Of the study participants, 47% were classified as inactive, 38% as moderately active, and 15% as HEPA.

Those who were more physically active tended to be older and less likely to smoke than less physically active participants. They also had lower total cholesterol, more hypertension, and existing evidence of calcium deposits in their coronary arteries.

A graded association between physical activity level and the prevalence and progression of coronary artery calcification was seen, irrespective of CAC scores at the start of monitoring.

At baseline, the estimated adjusted average baseline CAC scores in inactive participants was 9.45 (95% CI, 8.76 - 10.14), in moderately active participants was 10.20 (95% CI, 9.40 - 11.00), and in HEPA participants was 12.04 (95% CI, 10.81 - 13.26).

Compared with the least active participants, the estimated adjusted 5-year average increases in CAC was 3.20 (95% CI, 0.72 - 5.69) in moderately active participants and 8.16 (95% CI, 4.80 - 11.53) in HEPA participants.

A higher level of physical activity was associated with faster progression of CAC scores, both in participants with CAC score of 0 at baseline and in those with prevalent CAC.

The authors note there are several limitations to consider when interpreting their findings. These include the absence of an objective assessment of physical activity, the inability to evaluate the association between physical activity and CAC levels with incident cardiovascular events because of a lack of data, and the lack of information on incident myocardial infarction, stroke, CAC density, or volume.

Physical activity might increase coronary atherosclerosis through mechanical stress and vessel wall injury of coronary arteries; physiologic responses during exercise, such as increased blood pressure; increased parathyroid hormone levels; and changes in coronary hemodynamics and inflammation. "In addition, other factors, such as diet, vitamins, and minerals, may change with physical activity," the authors write.

"The second possibility is that physical activity may increase CAC scores without increasing cardiovascular disease risk," they write.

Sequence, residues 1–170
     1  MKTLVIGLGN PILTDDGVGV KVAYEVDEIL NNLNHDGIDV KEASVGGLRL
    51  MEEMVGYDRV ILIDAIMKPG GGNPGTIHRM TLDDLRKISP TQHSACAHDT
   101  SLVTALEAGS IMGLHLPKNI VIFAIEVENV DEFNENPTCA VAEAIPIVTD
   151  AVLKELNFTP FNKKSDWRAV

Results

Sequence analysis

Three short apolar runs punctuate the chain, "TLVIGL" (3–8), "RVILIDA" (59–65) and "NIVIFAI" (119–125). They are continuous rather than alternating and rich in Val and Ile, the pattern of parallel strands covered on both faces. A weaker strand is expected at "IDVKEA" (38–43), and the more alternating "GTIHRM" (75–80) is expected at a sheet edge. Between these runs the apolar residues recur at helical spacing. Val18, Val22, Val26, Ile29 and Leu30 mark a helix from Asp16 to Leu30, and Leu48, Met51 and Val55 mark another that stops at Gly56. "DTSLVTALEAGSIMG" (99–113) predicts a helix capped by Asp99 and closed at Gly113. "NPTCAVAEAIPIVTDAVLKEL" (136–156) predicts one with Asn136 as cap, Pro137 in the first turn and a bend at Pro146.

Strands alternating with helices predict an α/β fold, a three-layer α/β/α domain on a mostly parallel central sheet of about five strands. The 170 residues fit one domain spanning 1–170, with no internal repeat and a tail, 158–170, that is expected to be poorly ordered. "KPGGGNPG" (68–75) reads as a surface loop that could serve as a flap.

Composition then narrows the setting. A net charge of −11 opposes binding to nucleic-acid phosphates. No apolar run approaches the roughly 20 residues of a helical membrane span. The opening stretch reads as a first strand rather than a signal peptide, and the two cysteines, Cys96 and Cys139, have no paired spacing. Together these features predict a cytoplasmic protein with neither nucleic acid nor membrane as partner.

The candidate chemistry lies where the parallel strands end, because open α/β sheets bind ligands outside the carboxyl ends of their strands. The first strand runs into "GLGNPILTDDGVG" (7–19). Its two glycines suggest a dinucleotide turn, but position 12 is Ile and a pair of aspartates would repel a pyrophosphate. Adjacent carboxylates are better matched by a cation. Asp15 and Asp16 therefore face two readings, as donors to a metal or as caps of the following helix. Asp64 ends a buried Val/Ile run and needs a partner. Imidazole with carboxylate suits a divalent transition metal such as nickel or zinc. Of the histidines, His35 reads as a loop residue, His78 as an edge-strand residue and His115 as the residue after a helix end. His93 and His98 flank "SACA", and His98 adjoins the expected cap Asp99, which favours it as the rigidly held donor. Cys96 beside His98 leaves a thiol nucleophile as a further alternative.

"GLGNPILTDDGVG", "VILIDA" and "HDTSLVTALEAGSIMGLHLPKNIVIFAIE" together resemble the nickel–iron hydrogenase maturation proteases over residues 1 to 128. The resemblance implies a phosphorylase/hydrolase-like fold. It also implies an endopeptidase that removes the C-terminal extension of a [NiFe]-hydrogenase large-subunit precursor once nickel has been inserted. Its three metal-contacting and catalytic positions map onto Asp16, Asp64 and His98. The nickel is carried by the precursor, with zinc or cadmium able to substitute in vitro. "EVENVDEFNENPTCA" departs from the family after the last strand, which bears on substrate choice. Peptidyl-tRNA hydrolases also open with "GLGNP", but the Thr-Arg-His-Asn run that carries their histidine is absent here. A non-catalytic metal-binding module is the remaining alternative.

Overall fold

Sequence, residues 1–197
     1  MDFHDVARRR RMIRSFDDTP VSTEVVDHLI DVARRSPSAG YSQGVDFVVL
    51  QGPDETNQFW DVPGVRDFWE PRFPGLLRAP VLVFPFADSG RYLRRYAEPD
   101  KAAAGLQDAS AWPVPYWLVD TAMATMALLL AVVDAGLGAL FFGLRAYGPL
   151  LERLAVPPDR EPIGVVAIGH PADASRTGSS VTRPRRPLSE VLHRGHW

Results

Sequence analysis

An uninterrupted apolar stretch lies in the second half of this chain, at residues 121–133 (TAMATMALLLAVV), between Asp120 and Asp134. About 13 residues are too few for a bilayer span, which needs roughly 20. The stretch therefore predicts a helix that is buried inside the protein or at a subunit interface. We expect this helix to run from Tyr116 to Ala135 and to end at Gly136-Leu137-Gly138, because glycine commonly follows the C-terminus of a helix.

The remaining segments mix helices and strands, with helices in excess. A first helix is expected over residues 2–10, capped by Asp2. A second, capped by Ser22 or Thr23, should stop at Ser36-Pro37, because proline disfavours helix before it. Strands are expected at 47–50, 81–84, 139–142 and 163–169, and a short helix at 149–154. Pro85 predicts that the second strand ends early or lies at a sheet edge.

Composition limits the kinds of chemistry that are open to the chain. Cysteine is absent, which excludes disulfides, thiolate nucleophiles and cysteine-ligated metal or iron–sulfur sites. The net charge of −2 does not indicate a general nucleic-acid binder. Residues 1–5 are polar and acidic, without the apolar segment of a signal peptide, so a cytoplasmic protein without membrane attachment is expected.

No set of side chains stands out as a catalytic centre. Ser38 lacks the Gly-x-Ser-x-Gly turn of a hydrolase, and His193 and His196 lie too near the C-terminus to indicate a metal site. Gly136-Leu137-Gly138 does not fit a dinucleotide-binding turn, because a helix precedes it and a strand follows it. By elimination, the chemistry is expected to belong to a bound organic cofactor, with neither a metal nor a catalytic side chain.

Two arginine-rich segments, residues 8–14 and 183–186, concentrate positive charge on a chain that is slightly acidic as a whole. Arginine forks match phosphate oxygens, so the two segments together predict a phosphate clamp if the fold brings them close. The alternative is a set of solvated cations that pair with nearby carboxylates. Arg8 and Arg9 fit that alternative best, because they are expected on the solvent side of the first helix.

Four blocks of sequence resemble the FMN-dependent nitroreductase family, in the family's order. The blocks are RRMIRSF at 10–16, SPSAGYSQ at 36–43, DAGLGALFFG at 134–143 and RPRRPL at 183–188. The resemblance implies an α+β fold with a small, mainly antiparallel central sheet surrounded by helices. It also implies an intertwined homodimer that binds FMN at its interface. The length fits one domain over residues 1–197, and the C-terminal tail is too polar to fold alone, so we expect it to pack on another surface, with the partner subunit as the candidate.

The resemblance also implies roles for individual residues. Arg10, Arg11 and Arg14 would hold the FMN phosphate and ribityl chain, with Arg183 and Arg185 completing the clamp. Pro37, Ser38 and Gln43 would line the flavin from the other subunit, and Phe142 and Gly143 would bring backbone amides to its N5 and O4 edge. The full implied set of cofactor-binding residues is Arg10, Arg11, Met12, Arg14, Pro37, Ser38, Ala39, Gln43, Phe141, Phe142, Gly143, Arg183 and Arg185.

"The cardiovascular benefits of physical activity are unquestionable," the authors emphasize, adding that the national guidelines recommend at least 150 to 300 minutes per week of moderate-intensity or 75 to 150 minutes per week of vigorous-intensity aerobic physical activity.

"Patients and physicians, however, need to consider that engaging in physical activity may accelerate the progression of coronary calcium, possibly due to plaque healing, stabilization and calcification," they conclude.

Guallar added: "We would like to link our research to clinical outcomes, so that we can really be sure that the increase in coronary calcium scores does not imply an increase in risk."

"Do these findings mean that we should stop using coronary artery calcium scores to assess coronary artery disease?" ask Gaurav Gulsin, MD, and Alastair James Moss, MD, University of Leicester, United Kingdom, in an accompanying editorial.

The study highlights the complexity of interpreting CAC scores in patients who have implemented recommendations for physical activity or started statin therapy, they note.

"While proponents would argue that it is an effective tool to screen for subclinical atherosclerosis in asymptomatic individuals, clinicians should be cautious regarding the overuse of this test in otherwise healthy individuals. The coronary artery calcium paradox should not result in paradoxical care for our patients," Gulsin and Moss conclude.

Sung, Hong, and the other study authors report no relevant financial relationships. The British Heart Foundation provides funding support for Gulsin and Moss.

Heart. Published online September 20, 2021. Abstract, Editorial